Don Ed Hardy American tattoo artist (born 1945)

Don Ed Hardy (1945) is an American tattoo artist born in Newport Beach, California, known for his tattoos, strong influence in the development of modern tattoo styles, and his eponymous apparel and accessories brand.

Richard Burchett British artist

Richard Burchett (1815–1875) was a British artist and educator on the fringes of the Pre-Raphaelite movement, who was for over twenty years the Headmaster of what later became the Royal College of Art.

Peʻa Traditional male tatau of Samoa

The Peʻa is the popular name of the traditional male tatau (tattoo) of Samoa, also known as the malofie. It covers the body from the middle of the back to the knees, and consists of heavy black lines, arrows, and dots.

Nam Il

Nam Il was a Russian-born North Korean military officer and co-signer of the Korean Armistice Agreement.

Ralph Dumke American film actor

Ralph Ernest Dumke was an American comedian and actor who had an active career from the early 1920s up until his death in 1964. He rose to fame as part of a comedy duo with Ed East, performing nationally in vaudeville on the B. F. Keith Circuit from 1922-1932 and then headlining the nationally popular daily afternoon radio program "Sisters of the Skillet" on NBC Radio. In the 1940s Dumke worked as a character actor in Broadway musicals, and from 1949-1964 he worked in American film and television.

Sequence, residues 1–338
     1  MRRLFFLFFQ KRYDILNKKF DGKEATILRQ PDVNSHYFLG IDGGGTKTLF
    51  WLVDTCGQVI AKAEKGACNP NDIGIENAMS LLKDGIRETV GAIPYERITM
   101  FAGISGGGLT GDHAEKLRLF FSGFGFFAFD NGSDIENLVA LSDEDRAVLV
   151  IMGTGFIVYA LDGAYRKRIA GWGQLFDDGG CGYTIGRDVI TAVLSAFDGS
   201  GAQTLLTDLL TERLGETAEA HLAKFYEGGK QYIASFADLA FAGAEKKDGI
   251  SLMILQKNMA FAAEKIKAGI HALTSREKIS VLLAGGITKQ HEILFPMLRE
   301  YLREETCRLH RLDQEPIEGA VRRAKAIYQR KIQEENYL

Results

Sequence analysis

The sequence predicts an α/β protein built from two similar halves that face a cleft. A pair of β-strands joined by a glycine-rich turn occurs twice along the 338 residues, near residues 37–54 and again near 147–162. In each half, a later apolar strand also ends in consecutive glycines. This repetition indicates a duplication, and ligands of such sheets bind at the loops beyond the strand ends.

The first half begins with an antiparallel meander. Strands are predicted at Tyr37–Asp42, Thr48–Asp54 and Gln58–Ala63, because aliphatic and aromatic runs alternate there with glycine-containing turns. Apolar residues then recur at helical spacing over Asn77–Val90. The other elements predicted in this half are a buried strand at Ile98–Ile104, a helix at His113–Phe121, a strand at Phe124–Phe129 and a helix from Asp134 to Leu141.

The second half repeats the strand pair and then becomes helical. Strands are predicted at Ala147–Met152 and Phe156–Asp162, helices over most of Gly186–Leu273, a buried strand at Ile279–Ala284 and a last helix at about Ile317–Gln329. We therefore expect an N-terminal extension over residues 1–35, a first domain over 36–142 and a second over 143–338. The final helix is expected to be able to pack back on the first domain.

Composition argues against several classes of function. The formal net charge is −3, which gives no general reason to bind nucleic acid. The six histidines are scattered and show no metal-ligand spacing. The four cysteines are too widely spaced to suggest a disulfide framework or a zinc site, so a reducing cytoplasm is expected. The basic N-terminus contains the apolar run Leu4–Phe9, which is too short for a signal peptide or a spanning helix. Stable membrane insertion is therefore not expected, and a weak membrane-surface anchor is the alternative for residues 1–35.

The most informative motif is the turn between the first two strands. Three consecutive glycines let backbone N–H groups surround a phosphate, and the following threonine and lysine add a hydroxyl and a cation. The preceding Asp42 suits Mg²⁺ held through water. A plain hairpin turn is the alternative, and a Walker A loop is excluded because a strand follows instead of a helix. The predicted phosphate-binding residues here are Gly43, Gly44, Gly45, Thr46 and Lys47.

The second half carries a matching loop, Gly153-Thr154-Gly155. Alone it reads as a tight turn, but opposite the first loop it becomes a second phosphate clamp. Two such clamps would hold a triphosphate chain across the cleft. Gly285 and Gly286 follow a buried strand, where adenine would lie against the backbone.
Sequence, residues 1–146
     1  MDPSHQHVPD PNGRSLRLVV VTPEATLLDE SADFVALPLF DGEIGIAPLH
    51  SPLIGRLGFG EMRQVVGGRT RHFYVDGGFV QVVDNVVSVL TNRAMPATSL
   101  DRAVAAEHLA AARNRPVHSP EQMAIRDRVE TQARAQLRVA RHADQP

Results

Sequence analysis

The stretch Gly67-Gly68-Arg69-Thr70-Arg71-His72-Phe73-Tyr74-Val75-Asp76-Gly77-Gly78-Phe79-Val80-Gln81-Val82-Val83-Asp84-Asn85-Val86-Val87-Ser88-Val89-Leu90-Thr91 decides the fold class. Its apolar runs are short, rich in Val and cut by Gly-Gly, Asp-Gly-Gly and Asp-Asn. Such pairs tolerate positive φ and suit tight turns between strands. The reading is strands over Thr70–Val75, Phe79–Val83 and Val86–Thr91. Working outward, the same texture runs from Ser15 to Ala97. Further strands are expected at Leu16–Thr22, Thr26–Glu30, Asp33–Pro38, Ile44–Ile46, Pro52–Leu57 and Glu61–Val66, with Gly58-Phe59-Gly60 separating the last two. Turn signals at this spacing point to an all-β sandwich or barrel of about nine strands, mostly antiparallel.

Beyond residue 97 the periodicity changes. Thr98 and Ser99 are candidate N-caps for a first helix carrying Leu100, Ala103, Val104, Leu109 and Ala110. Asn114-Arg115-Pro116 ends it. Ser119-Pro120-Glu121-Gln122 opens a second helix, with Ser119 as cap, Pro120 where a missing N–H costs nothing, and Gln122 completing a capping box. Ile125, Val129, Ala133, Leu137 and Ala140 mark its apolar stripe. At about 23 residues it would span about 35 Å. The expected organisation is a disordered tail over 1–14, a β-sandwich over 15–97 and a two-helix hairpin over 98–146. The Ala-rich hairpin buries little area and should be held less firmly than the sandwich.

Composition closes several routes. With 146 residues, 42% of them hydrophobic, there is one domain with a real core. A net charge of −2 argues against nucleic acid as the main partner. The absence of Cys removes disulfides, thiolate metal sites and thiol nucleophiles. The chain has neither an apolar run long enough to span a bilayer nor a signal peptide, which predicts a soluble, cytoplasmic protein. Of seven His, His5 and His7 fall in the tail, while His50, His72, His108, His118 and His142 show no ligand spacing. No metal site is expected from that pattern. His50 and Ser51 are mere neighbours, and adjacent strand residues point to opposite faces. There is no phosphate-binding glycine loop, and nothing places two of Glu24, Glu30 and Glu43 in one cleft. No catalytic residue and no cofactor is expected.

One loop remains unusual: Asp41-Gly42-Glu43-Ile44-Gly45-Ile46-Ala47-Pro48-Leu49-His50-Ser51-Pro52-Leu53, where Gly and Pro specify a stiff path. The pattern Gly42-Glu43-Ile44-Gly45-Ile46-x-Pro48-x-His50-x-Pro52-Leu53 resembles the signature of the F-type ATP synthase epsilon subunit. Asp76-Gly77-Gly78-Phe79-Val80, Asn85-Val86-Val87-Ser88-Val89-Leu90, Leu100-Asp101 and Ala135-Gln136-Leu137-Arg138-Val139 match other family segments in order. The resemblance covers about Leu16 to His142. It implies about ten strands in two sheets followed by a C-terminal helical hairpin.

J. W. Lonoaea

J. W. Lonoaea was a politician of the Kingdom of Hawaiʻi who served in the House of Representatives of the Legislature of the Kingdom from 1872 until his death. Following the death of King Lunalilo, it fell to the legislature to choose the next monarch from amongst the native-born high chiefs, though only three candidates were considered seriously: Bernice Pauahi Bishop, David Kalākaua, and Queen Emma. Lonoaea voted with the majority in supporting Kalākaua, and was one of the thirteen legislators to be injured by supporters of Queen Emma in the ensuing 1874 Honolulu Courthouse riot. Lonoaea was the only legislator who did not survive his injuries.